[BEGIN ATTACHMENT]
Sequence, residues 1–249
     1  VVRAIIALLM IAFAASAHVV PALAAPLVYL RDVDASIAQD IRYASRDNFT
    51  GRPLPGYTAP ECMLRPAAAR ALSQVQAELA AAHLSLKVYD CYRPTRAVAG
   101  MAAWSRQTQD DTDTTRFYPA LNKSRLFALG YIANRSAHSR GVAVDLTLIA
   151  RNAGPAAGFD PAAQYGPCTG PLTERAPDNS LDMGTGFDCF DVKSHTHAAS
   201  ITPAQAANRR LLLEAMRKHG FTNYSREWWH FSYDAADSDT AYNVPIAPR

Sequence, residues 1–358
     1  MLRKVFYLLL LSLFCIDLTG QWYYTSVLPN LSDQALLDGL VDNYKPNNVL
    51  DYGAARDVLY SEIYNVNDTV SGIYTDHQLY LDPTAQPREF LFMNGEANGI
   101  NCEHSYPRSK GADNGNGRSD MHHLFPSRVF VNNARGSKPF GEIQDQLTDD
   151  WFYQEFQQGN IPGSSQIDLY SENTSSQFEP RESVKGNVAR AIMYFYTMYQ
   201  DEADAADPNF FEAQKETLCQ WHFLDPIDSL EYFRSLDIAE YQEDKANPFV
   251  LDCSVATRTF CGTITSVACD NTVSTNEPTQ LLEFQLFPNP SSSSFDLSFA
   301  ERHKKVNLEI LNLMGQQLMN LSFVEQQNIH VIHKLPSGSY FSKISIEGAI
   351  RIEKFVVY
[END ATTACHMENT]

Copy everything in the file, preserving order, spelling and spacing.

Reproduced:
Sequence, residues 1–249
     1  VVRAIIALLM IAFAASAHVV PALAAPLVYL RDVDASIAQD IRYASRDNFT
    51  GRPLPGYTAP ECMLRPAAAR ALSQVQAELA AAHLSLKVYD CYRPTRAVAG
   101  MAAWSRQTQD DTDTTRFYPA LNKSRLFALG YIANRSAHSR GVAVDLTLIA
   151  RNAGPAAGFD PAAQYGPCTG PLTERAPDNS LDMGTGFDCF DVKSHTHAAS
   201  ITPAQAANRR LLLEAMRKHG FTNYSREWWH FSYDAADSDT AYNVPIAPR

Sequence, residues 1–358
     1  MLRKVFYLLL LSLFCIDLTG QWYYTSVLPN LSDQALLDGL VDNYKPNNVL
    51  DYGAARDVLY SEIYNVNDTV SGIYTDHQLY LDPTAQPREF LFMNGEANGI
   101  NCEHSYPRSK GADNGNGRSD MHHLFPSRVF VNNARGSKPF GEIQDQLTDD
   151  WFYQEFQQGN IPGSSQIDLY SENTSSQFEP RESVKGNVAR AIMYFYTMYQ
   201  DEADAADPNF FEAQKETLCQ WHFLDPIDSL EYFRSLDIAE YQEDKANPFV
   251  LDCSVATRTF CGTITSVACD NTVSTNEPTQ LLEFQLFPNP SSSSFDLSFA
   301  ERHKKVNLEI LNLMGQQLMN LSFVEQQNIH VIHKLPSGSY FSKISIEGAI
   351  RIEKFVVY